His naval record shows he was appointed to HMS Impregnable, at Devonport, on 5th September 1914 and that he remained there until 8th January 1916. He was then appointed to man the batteries on Western Steep Holm, an island lying in the Bristol Channel (its Victorian fortifications on the island were updated during the First World War), until 30th June 1916. He then seems to have suffered ill-health, as on 30th July 1916 he was invalided out of the Navy, from Plymouth Hospital, due to a hernia. He died in 1934, in Plymouth. Rosina outlived both her husband and her son and died in 1946.
On 30th July 1914, Royal William Roope was appointed to HMS Goliath, as Yeoman of Signals. For his service on HMS Goliath, and his death during the Dardanelles naval operation, please see our separate article here.
An announcement of Royal William's death appeared in the Dartmouth Chronicle on 28th May:
Roope, May 13th, by sinking of HMS Goliath, Yeo of Sig R W Roope, dearly beloved and devoted husband of Eva M Roope, and loving daddy of Arthur and Doris, age 28
In fact, Royal William was 29.
In the paper's June 11th edition, Eva placed the following notice of thanks:
Mrs R W Roope desires to thank her relatives and many friends for kind letters and sympathy in her recent sad and sudden bereavement.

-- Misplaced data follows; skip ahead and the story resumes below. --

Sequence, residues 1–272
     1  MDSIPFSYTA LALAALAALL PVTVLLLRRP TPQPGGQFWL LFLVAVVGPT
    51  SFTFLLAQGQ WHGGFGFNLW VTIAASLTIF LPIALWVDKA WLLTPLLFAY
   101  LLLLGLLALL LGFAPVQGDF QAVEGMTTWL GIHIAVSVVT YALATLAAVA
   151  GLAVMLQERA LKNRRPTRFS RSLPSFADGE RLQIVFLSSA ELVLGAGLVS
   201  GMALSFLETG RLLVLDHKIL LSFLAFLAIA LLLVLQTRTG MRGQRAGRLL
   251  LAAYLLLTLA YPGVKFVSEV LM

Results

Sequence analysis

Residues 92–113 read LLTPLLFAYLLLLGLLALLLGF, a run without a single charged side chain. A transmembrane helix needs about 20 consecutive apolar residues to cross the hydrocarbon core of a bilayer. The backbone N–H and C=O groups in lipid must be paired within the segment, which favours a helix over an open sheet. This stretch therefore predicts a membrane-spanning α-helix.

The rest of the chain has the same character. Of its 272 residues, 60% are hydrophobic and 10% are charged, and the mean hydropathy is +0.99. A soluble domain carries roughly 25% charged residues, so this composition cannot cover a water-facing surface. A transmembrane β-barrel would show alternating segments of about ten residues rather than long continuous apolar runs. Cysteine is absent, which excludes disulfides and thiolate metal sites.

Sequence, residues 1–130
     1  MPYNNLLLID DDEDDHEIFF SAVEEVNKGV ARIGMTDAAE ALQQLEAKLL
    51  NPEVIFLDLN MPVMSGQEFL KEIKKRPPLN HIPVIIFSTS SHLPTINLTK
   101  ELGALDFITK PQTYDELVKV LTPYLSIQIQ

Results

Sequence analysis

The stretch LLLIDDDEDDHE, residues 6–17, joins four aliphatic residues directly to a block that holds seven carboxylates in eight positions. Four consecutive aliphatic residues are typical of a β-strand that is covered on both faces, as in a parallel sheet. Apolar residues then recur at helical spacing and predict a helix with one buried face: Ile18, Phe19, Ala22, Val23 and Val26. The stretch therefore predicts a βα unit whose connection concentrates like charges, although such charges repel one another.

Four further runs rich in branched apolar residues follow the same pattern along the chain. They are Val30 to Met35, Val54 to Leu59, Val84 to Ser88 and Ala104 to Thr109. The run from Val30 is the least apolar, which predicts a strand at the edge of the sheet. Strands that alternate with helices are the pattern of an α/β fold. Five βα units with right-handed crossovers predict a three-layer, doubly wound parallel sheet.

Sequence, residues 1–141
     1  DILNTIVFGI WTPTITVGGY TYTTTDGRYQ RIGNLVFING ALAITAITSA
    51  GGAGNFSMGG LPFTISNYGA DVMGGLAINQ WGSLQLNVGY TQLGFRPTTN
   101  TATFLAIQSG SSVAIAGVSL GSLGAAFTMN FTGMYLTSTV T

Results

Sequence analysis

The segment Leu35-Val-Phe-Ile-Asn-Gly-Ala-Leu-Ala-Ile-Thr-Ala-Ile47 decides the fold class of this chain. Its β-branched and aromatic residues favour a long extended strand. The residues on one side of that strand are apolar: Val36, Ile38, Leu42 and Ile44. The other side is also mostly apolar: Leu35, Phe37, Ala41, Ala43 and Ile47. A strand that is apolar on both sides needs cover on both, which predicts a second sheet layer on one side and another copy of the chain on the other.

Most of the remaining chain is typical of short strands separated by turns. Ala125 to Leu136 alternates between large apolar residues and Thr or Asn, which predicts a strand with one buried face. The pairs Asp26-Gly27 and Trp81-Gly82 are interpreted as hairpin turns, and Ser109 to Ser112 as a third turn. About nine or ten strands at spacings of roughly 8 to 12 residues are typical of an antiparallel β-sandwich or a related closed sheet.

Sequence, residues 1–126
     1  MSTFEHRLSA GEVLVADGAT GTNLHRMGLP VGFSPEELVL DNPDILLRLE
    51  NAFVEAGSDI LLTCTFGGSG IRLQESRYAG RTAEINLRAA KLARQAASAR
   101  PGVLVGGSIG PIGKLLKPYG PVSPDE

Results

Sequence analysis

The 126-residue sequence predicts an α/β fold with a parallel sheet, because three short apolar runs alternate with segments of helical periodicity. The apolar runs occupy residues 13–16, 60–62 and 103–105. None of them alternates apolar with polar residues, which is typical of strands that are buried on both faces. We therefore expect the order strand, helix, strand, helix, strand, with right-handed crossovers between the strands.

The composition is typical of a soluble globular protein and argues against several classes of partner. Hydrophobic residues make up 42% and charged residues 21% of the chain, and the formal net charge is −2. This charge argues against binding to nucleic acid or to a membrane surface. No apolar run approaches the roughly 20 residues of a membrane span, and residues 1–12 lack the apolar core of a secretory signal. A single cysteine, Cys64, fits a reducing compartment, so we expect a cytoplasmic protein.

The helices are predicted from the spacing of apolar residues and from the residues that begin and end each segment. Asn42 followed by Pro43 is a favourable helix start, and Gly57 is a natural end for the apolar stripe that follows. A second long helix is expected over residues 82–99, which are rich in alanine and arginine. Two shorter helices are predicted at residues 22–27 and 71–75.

In May 1921, Eva placed a notice in the Chronicle "In Memoriam":
Roope - in loving memory of my dear husband, Royal William Roope (Yeo. of Sigs.) who lost his life in the Dardanelles on HMS Goliath, May 13th 1915. Never forgotten by his wife and children, Arthur and Doris. RIP.
Though death divides, fond memories cling
Eva died in Dartmouth in 1944.
Royal William is commemorated in Dartmouth on the Town War Memorial and on the St Saviour's Memorial Board.
Like all those who sailed from Plymouth during the First World War, but were lost at sea, Royal William is commemorated on the Plymouth Naval Memorial on The Hoe.
Royal William Roope's naval record can be downloaded from the National Archives (fee payable) reference ADM 188/372/212615
The naval record of Royal Brown Roope is similarly available reference ADM 188/103/94065
Information Held on Database
|Rank:||Yeoman of Signals RN|
|Military Unit:||HMS Goliath|
|Date of Death:||13 May 1915|
|Age at Death:||29|
|Cause of Death:||Killed in action|
|Action Resulting in Death:||Naval support to military operations|
|Place of Death:||Dardanelles|
|Place of Burial:||Commemorated Plymouth Naval Memorial|
|Born or Lived in Dartmouth?||Yes|
|On Dartmouth War Memorial?||Yes|
|On St Saviour's Memorials?||Yes|
|On St Petrox Memorials?||No|
|On Flavel Church Memorials?||No|
|In Longcross Cemetery?||No|
|In St Clement's Churchyard?||No|
|On a Private Memorial?||No|
|On Another Memorial?||No|